> Yes it is a judicial proceeding where the prosecutor or investigating officer acts a quasi-judicial officer
> Parties are given the opportunity to be heard and to produce evidence which shall be weighed and upon which a
decision shall be rendered
> Since it is a judicial proceeding, the requirement of due process in judicial proceedings is also required in preliminary
investigations
--------------------------------

Pre-trial and Pre-trial Conference


Section 1. Pre-trial; mandatory in criminal cases. In all criminal cases cognizable by the Sandiganbayan, Regional
Trial Court, Metropolitan Trial Court, Municipal Trial Court in Cities, Municipal Trial Court and Municipal
Circuit Trial Court, the court shall, after arraignment and within thirty (30) days from the date the court acquires
jurisdiction over the person of the accused, unless a shorter period is provided for in special laws or circulars
of the Supreme Court, order a pre-trial conference to consider the following:
(a) plea bargaining;
(b) stipulation of facts;
(c) marking for identification of evidence of the parties;
(d) waiver of objections to admissibility of evidence;
(e) modification of the order of trial if the accused admits the charge but interposes a lawful defense; and
(f) such matters as will promote a fair and expeditious trial of the criminal and civil aspects of the case.

WHAT IS THE PURPOSE OF A PRE-TRIAL?


> The purpose is to expedite proceedings

WHEN IS PRE-TRIAL REQUIRED?


> Pre-trial is mandatory in all criminal cases cognizable by the Sandiganbayan, RTC, MTC and MCTC

WHEN SHOULD IT BE CONDUCTED?


> After arraignment, and within 30 days from the date the court acquires jurisdiction over the person of the
accused
> An exception to the rule is when the accused is under preventive detention. The case shall be raffled within 3 days.
Arraignment shall be done within 10 days after the raffle. Ten days thereafter, the pre-trial.

WHAT SHOULD THE ORDER FOR PRE-TRIAL CONFERENCE CONTAIN?


1. The presence of the accused and more importantly the offended party, for purposes of plea bargaining and
determination of civil liability. Remember that plea bargaining isnt allowed in cases involving violations of the
Dangerous Drugs Act.
2. Referring the matter for preliminary conference to the clerk of court.
3. Warning that evidence not offered during preliminary conference shall be inadmissible except if because of good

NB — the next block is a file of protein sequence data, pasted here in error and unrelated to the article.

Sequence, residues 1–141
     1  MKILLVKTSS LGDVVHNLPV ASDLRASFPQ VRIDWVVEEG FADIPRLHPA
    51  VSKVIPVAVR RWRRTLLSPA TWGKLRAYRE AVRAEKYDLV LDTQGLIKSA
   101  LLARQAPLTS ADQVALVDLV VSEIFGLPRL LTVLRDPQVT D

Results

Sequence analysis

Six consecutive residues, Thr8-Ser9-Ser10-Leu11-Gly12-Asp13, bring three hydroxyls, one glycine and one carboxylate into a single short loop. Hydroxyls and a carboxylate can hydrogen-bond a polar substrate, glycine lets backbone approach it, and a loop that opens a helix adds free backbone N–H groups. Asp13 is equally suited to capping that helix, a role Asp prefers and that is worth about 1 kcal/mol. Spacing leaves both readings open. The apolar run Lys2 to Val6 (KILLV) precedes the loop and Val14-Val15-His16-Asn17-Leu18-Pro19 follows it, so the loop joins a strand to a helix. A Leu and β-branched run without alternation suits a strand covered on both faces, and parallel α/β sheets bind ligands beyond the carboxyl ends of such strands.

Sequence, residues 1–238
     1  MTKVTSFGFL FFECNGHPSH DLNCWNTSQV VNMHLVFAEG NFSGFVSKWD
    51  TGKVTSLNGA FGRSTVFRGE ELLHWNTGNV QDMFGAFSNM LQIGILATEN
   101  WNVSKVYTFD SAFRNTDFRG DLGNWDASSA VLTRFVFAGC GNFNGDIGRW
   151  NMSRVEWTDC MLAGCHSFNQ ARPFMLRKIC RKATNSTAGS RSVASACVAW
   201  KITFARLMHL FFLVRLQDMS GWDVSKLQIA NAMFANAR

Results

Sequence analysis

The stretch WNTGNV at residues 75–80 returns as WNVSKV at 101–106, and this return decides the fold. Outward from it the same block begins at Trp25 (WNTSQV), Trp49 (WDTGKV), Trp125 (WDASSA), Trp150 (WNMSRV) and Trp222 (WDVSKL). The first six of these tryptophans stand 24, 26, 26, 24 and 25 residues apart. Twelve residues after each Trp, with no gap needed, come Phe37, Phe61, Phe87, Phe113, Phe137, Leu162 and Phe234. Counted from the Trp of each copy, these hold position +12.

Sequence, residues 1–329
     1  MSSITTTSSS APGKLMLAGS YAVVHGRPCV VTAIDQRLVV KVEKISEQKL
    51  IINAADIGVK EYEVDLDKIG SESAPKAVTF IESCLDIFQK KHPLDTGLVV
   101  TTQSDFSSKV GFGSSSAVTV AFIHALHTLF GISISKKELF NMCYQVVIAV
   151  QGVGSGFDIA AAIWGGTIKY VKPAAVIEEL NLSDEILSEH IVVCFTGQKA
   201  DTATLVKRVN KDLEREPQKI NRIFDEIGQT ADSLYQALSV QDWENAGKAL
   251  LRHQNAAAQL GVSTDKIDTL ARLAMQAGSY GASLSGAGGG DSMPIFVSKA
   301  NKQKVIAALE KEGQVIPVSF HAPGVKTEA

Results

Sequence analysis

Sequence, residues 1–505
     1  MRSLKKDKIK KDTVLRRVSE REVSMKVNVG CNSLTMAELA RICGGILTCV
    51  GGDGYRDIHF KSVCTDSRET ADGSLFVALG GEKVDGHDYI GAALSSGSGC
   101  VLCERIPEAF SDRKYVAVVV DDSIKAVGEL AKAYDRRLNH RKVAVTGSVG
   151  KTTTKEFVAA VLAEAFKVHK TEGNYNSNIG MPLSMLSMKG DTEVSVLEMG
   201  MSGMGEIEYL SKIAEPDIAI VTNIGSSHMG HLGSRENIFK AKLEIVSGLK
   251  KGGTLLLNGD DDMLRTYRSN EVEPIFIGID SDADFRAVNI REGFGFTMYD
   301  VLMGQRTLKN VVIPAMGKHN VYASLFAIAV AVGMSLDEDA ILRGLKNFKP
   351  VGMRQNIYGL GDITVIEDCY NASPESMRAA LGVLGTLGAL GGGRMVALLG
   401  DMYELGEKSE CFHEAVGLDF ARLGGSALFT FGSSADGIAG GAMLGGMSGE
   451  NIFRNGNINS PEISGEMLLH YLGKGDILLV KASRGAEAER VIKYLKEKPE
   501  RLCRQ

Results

cause and under the discretion of the court

WHO SHOULD PRESIDE IN A PRELIMINARY CONFERENCE?


> Clerk of court will preside the preliminary conference

WHAT SHOULD THE CLERK OF COURT DO IN PRESIDING OVER THE PRELIMINARY CONFERENCE?

1. The clerk of court is given a vital role in the speedy disposition of cases
2. He shall serve as the mediator or arbitrator between the accused and offended party for the two parties to reach a
settlement as to the civil liability of the accused
3. He shall serve as mediator between the parties with regard plea bargaining
4. He shall serve as mediator in the stipulation of facts between the accused and offended party
5. He shall oversee the introduction and marking of documentary evidence
6. He shall see that the evidence is genuine and duly executed
7. He shall oversee the conference if there will be any waiver to objections over admissibility of evidence
8. In case the accused gives a lawful defense, he will indicate that there would be a modification of the order of
trial

N.B
1. A preliminary conference precedes a pre-trial. It is officiated by the clerk of court. The clerk of court plays a
vital role in the speedy disposition of cases.
2. Often times, there would be no pre-trial anymore but the trial would commence and the judge would issue the
decision for the disposition of the case.
3. The pre-trial conference is conducted for the expeditious disposition of the case. What happens in the
conference is more than what meets the eye.
4. There is now an amendment in the new rules providing for the parties to talk with each other absent their
lawyers. Lawyers often times are stumbling blocks in the speedy disposition of
cases.
5. In the pre-trial and preliminary conference, there is narrowing of conflict between the parties. In furtherance of this,
the judge is sanctioned to allow the number of witnesses to be presented, limit the trial days, etc.
6. Remember that any evidence not presented or marked during the pre-trial conference shall not be admitted during the
trial. This is done to make the presentation of evidence mandatory for the
parties to the case. Additional evidence shall only be allowed if there is good cause and for furtherance of justice
7. Evidence is genuine and duly executedin relation to notarial law when the lawyer admits to the genuineness and
due execution of the documentary evidence presented.
8. The preliminary conference is to minimize the things to be discussed during the pre-trial conference that would
be conducted by the judge. After the pre-trial conference, a pre-trial order shall
be issued. This will serve as the bible for the rest of the proceedings.
9. See the Revised Rules on Pre-trial issued during August 2004.

Pre-Trial Agreement
Sec. 2. Pre-trial agreement. All agreements or admissions made or entered during the pre-trial conference shall
be reduced in writing and signed by the accused and counsel, otherwise, they cannot be used against the accused.
The agreements covering the matters referred to in section 1 of this Rule shall be approved by the court.

WHAT HAPPENS DURING PRE-TRIAL?


> The following things are considered
1. Plea bargaining
2. Stipulation of facts
3. Marking for identification of evidence of the parties
4. Waiver of objections to admissibility of evidence
5. Modification of the order of trial if the accused admits the charge but interposes a lawful defense